by viewing the pieces where pig skin and barbed wire wrapped around a woman's face, i felt re-victimized. i understand that at times the purpose of art is to work through your own experiences and can be very therapeutic. kristin and i worked on an art show (mostly kristin though!) where that was the purpose. there was a certain sensitivity the artist had to the audience, as the viewers may have been through similar trauma. i feel that sensitivity was completely lacking in this exhibit.
my conclusion about the experience was that global/third world feminism cannot become a platform to educate others. my problem with many -isms is that too often the focus shifts from educating and empowering ourselves to simply educating others. to re-iterate time and time again that violence happens, that rights are needed, and that anger is present is exhausting.
i want another perspective. i want a middle ground between understanding and beauty that doesn't exclude violence or discussion, but doesn't center around it.
we are constantly absorbing images and messages around us. we are here. we are listening. i believe it is time to create what hasn't been created. to question what hasn't been answered.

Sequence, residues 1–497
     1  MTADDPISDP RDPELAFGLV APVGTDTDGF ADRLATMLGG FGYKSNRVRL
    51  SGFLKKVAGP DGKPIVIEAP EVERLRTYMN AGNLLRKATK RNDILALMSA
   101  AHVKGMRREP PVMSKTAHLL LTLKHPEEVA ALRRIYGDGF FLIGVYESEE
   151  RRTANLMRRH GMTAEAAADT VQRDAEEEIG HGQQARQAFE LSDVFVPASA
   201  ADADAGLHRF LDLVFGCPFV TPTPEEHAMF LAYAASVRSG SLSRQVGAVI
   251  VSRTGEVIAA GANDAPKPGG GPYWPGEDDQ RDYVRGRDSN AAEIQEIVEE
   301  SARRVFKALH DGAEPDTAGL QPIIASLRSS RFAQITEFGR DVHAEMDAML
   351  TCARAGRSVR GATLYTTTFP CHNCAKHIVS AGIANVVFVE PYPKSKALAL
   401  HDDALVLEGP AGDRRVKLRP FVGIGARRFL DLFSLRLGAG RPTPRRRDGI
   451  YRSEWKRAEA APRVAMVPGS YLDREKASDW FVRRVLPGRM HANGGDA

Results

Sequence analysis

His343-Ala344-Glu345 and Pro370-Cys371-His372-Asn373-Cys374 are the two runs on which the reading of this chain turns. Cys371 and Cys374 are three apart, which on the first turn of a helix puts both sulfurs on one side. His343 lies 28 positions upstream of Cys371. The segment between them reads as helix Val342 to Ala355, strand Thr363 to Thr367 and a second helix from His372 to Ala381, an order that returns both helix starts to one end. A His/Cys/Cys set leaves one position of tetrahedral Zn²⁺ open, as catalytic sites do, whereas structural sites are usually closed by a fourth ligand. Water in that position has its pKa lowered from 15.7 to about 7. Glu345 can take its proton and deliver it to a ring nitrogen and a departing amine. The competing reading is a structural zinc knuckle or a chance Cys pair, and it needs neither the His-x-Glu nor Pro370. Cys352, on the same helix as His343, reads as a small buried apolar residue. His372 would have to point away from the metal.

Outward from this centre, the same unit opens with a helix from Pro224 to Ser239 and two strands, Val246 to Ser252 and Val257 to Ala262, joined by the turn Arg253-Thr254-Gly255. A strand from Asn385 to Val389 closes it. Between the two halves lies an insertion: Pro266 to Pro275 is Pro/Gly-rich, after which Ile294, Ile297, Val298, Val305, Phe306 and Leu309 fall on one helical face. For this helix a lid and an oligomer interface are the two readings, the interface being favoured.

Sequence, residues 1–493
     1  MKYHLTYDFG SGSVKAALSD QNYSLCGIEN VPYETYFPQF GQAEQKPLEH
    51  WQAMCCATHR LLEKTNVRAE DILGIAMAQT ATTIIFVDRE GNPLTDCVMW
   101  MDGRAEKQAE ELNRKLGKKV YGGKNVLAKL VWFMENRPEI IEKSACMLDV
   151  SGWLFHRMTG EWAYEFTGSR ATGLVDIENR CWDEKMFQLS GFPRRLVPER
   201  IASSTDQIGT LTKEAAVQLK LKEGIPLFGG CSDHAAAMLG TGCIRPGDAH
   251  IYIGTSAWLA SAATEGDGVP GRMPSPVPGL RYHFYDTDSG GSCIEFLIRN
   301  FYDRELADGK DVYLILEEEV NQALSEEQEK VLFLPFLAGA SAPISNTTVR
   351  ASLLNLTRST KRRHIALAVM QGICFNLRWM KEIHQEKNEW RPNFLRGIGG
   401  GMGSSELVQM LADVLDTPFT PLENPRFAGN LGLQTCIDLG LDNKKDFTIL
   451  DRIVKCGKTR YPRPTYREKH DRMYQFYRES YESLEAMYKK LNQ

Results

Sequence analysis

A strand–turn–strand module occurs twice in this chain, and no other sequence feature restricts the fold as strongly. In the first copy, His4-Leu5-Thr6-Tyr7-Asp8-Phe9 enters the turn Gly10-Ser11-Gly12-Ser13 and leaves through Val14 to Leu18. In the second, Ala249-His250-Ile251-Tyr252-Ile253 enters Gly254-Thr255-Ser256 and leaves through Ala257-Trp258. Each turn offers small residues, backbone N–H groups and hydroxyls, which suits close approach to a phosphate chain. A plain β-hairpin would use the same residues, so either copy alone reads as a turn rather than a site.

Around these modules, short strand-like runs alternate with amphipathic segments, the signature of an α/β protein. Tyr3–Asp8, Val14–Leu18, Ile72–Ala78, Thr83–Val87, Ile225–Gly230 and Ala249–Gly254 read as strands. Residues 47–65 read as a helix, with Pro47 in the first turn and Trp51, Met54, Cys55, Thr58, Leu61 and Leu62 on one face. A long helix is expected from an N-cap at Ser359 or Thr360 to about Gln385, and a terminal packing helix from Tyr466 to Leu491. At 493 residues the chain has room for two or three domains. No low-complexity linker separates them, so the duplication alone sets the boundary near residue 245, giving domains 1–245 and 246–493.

i want art and beauty. i want it for us. i want it by us. let's talk to each other. let's work on becoming stronger, better, smarter. together.
i want to stop pandering to them.
and start living and learning for us.
Tuesday, June 5, 2007
Unfortunately I missed the Dyke March and subsequent celebrations, but I did manage to get my dance on at the Dakota midday on Sunday. Did you know that there's a skylight above that dance floor? It was like an afternoon at Babylon, let me tell ya.
Yup, the gays were definitely out in full force this weekend, and I'm excited to do it all over again in San Francisco on the 23rd & 24th! Who's with me?